little-girl-1894125_1280Did you know, that Kundalini Yoga works on weight loss in a number of ways: it speeds up metabolism via the thyroid gland and by making more oxygen available to the cells, it reestablishes hormonal balance, it helps restore energy flow into problem areas, and it works on emotional healing. Often people accrue excess weight as an emotional buffer, or an a fear response to their own inner vitality. I often recommend Kundalini yoga to my clients, as it might help you to work through your resistance to weight loss.

Weight Management Counselling

hotdogWeight Management Counselling

Food in Your Family of Origin

Another important topic to clarify before you start dieting is the attitude to food in your family of origin.
Here are some questions to consider:
What was the attitude to food in your family? Was it a pleasure? Or was it an enemy? Was food used as a reward?
Were any members of your immediate family overweight? If so, what was the general attitude towards them? Was somebody in your family underweight? Was anyone on a diet?
The relationship with food in your family of origin played an important part in establishing your feelings around food in general. By understanding the roots of your troubles you will find better ways to work through these issues.

Weight Management Counseling

Weight Management

girl on swingWeight Management 5

A Lesson in History

If you were to look back at the history of your weight problems – when did it start? At school, earlier than that, or was it quite recent?
It is very important to remember exactly when you realized you are overweight and decided, that it is a problem. Were there any significant events in your life that precipitated it?
Very often an unresolved trauma from the past can trigger a weight gain. When you process the traumatic event in therapy and “let it go”, extra weight often goes with it.

Weight Management after Christmas 3

angryWeight Management after Christmas

Question no 3:

What does “being overweight” means for you?

Following on from the previous post, we are now going to explore what does your weight mean for you? What is the significance of being big?

When you imagine yourself being thin – how are you feeling?
Happy and energized or, maybe, a bit scared? Has your weight become a sort of “protection” against various problems in your
life? This is a topic worth exploring before starting on a weight
loss regime. If your weight has become your defense, you are unlikely to part with it easily.

For one of my clients being overweight was an excuse to stick with a dead end job. Whenever she started thinking of changing jobs, she told herself that the potential employers will be prejudiced against her because of her weight. Another client stayed in an abusive relationship because she was scared to be left on her own if she were to leave.

Think of any issues and problems that you might be putting off, using your weight as an excuse. Work out solutions now, then becoming thin might not seem so “scary”!

Weight Management after Christmas

anis-2170626_1280January is the time of year when many people start a diet. Before you do so, here are a few questions to ask yourself. If you will be clear with your answers, it will mean that you are ready to get fit and know exactly what you want. If not, you better take some time reflecting upon them and finding your answers.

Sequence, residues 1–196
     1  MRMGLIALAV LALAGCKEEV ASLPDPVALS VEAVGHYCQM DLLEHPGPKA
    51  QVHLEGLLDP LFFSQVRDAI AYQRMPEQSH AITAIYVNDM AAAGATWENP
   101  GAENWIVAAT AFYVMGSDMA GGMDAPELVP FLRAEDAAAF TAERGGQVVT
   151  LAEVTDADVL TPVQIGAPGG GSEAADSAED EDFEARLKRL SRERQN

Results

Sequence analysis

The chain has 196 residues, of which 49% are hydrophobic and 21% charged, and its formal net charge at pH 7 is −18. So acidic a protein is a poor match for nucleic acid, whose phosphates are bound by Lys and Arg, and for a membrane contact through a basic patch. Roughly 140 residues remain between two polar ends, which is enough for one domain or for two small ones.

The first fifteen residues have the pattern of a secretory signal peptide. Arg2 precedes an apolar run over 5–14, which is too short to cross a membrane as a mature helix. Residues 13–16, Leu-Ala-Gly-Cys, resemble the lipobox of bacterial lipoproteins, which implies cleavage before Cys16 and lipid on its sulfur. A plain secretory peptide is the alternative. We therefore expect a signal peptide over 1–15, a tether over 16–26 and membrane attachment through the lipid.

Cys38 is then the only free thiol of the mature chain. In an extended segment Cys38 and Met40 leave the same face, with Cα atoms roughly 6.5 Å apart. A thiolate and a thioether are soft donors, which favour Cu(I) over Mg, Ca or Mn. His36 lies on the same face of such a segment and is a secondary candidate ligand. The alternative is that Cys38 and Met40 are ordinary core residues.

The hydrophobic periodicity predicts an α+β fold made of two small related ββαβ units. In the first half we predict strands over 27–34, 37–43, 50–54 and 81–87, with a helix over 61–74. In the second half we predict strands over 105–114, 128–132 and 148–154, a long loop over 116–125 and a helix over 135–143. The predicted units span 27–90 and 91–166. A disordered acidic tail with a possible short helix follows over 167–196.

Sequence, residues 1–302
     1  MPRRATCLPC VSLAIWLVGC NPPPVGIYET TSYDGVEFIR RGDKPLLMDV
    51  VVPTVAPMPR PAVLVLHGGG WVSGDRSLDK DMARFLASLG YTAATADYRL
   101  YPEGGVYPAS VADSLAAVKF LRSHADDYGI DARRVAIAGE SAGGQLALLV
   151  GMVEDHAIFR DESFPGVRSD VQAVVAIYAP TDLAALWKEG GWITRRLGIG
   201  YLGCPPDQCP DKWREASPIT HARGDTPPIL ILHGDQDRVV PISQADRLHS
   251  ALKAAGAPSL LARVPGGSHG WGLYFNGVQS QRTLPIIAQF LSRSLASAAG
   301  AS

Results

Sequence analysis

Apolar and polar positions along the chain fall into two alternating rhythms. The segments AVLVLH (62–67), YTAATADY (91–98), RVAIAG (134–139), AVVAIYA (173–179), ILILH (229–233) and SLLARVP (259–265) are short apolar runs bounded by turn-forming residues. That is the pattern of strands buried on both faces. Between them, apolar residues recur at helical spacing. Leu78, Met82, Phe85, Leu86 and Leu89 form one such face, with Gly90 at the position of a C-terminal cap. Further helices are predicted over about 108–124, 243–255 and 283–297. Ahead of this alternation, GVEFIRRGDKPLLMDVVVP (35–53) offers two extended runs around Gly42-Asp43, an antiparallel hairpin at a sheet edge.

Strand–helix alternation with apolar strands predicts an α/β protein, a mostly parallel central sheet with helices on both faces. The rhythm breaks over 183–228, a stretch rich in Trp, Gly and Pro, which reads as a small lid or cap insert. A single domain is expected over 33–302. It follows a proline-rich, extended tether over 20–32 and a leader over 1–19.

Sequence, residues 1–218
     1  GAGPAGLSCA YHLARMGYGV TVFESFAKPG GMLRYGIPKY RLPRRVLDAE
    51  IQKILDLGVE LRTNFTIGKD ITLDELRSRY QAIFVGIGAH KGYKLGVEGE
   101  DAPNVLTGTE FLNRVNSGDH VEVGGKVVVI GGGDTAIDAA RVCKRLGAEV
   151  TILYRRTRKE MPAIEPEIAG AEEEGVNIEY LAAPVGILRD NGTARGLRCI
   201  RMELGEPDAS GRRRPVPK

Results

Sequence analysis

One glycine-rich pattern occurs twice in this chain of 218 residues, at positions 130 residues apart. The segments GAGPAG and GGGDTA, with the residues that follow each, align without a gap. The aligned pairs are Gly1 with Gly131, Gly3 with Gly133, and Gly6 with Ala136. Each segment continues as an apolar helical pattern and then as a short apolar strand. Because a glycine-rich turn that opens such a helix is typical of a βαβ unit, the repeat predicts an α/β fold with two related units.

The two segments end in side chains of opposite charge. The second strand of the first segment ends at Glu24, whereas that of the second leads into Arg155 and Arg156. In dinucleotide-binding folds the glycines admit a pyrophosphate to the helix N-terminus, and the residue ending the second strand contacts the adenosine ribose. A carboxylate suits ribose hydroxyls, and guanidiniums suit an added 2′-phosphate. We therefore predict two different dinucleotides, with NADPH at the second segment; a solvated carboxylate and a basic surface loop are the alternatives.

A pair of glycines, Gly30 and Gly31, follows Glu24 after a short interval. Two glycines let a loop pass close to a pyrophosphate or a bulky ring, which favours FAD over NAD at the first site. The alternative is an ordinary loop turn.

Question no 1:
How thin is enough?

Working with my clients on weight management issues, I often find that a client really wants to loose weight, but does not know exactly how thin he or she would like to be. If that is a case, however successful your diet will be, you will never feel truly satisfied.
Imagine yourself being the ideal weight – what size are you? what is your weight? how are you feeling? what kind of clothes are you wearing? Write everything down and think again, really become this “thinner you”. When you are absolutely convinced that this is the size and weight you would like to be, you are ready to explore the next question.

LOSING WEIGHT – IS IT ALL IN YOUR HEAD?

Have you tried and failed to loose weight? You started on a popular new diet, cutting out all the things you enjoy eating, lost a few kilos, then, after a stressful day at work, came home and had a pack of biscuits at once. Diet failed, you felt even more miserable and desperate than when you started.
After several similarly unsuccessful attempts you just gave up, hating yourself for the lack of will power.

Try to look at it differently.
Losing weight is not about dieting, depriving yourself of your favorite foods and feeling miserable. It is also not about trying to become someone else – a thin model in a magazine or a celebrity. To really loose weight you have to engage in a slow process of becoming yourself – learning to take care of your needs and listen to your body, starting to like yourself a bit more. As a counsellor, I would agree with the view of Ayurvedic medicine, which states that obesity is often an external manifestation of our emotional problems.
I would not even call this process “loosing weight”. It implies loss and has a negative connotation. I would rather say “getting into shape”, finding your natural weight and staying that way.

So where do we start?